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Almost everyone has an interesting career path. At the age of 12, a girl I knew was running a motel for her parents in Denver, often relying on intuition to deal with every customer who walked through the door.
When she wasn’t figuring out who could pay their room bills or cleaning the lobby, she was racking up good grades at school, and eventually she majored in finance and marketing in college. As she was graduating, she looked back on what she’d learned from her studies and her experiences working at the motel and wondered, “What can I do with all of this?”
Thinking this through, the girl told herself she needed a job that would allow her to apply her experience working with people in lodging while using the knowledge she picked up in her schooling. So within a year of graduating, she became a recruiter of Wall Street executives. It was the rational thing to do.
That little girl was me, and while I didn’t think about it at the time, that decision-making process was not automatic. Most assume that leadership is made up primarily of raw intelligence, or IQ, and emotional intelligence, or EQ. But my IQ didn’t help me reflect on the past, and my EQ didn’t make me methodically go over my choices. I relied on my Rationality Quotient—sometimes shortened to RQ—and in my view, this could very well be the missing ingredient in organizations right now, especially in an era of dread and disruption. Thinking something through and making a rational decision seems like it should be a given for leaders in organizations around the world. But it’s not: workers from entry-level employees to CEOs make irrational decisions all the time, and some of the ones that leaders make have huge costs.
IQ, of course, is someone’s ability to learn. At some point, nearly everyone takes an IQ test, and unfortunately, it’s difficult to raise one’s IQ, especially as you get older. These days, more people understand that a person’s EQ plays a major role in our ability to work and lead too. These so-called soft skills affect a person’s ability to be empathetic, self-aware, and mindful.
But neither of those really accounts for the ability to think rationally and, hopefully, make good decisions. The idea that raw brainpower doesn’t make you rational has been around for some time. Social scientists back in the early 1970s conducted a series of experiments showing that all of us, even highly intelligent people, are prone to make decisions based on gut feeling rather than reason. By the mid-2000s, researchers theorized that you could test how rational someone was, their RQ, separately from their IQ.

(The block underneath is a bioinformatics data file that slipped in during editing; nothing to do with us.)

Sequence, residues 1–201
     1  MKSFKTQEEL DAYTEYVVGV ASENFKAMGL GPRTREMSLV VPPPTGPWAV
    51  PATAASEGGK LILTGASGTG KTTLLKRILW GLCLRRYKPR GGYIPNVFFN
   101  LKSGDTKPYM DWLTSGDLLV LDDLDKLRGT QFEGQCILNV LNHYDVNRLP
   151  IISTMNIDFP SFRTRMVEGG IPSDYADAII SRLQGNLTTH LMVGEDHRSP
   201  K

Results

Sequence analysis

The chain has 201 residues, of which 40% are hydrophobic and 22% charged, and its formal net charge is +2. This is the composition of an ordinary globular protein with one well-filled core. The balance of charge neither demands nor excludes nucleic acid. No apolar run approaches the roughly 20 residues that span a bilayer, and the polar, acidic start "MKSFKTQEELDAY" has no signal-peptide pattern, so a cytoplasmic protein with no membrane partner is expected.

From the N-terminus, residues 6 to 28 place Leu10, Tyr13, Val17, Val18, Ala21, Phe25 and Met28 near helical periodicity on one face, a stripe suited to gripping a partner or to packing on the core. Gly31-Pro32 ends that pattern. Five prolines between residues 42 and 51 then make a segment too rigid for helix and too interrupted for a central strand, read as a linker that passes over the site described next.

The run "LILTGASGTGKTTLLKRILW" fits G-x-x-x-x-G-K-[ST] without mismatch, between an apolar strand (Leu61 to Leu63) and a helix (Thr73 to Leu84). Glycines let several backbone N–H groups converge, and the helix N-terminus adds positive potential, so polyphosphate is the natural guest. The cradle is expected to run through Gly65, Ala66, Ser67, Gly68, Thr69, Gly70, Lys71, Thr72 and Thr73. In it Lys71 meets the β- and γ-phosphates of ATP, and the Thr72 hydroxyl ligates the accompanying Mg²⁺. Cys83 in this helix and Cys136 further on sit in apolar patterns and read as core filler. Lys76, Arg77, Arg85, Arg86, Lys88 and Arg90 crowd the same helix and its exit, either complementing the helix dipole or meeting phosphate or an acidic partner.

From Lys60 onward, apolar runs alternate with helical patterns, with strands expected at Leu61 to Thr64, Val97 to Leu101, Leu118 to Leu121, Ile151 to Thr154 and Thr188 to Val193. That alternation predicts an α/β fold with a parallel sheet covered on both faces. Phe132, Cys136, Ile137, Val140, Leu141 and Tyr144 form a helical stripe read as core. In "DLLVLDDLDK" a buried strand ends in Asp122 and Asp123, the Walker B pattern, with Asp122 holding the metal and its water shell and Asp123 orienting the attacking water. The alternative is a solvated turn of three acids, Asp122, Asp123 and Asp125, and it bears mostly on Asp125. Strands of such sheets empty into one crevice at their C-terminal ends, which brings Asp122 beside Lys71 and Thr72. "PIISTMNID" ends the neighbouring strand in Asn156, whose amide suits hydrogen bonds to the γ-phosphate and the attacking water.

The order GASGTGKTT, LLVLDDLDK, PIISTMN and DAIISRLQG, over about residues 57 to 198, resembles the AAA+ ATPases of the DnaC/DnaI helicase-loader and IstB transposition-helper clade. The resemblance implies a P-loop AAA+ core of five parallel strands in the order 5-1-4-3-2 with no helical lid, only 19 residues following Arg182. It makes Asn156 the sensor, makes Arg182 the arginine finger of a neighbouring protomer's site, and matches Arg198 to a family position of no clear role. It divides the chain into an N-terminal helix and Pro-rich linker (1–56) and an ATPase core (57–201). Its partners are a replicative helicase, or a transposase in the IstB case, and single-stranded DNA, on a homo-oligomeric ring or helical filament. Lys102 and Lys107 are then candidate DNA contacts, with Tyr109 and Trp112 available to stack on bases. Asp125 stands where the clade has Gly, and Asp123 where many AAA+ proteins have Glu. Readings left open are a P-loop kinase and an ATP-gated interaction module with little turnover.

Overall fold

The good news about RQ is that it’s learnable, but the bad news is that even when you have it you can still make irrational decisions. Take the recent push by many leaders to get all their employees back in offices before the end of 2020. These leaders, many of whom are smart and charismatic, want things to go back to normal as quickly as possible, and “normal” to them looks like the pre-pandemic times, when most everyone worked in offices.
But that irrationally ignores all that we’ve learned during the pandemic. Productivity didn’t fall off a cliff, or fall at all, at many organizations. Allowing more people to work remotely could not only make workers happier and more loyal but also open the talent pool considerably (not everyone wants to work on Wall Street). Plus, technology, politics, and demographics are constantly changing; it’s not rational to think that “normal” times look like January 2020, even if there weren’t a pandemic.
So the next time you have a major decision to make, remember that your leadership quotient doesn’t rely solely on book smarts or your emotional intelligence—it also includes your ability to make time to think something through in order to make a rational decision. It works for CEOs and girls who run motels alike.
You could test how rational someone is, their RQ, separately from their IQ.
Vyas is a Korn Ferry senior partner and global head of the firm’s Applied Intelligence practice.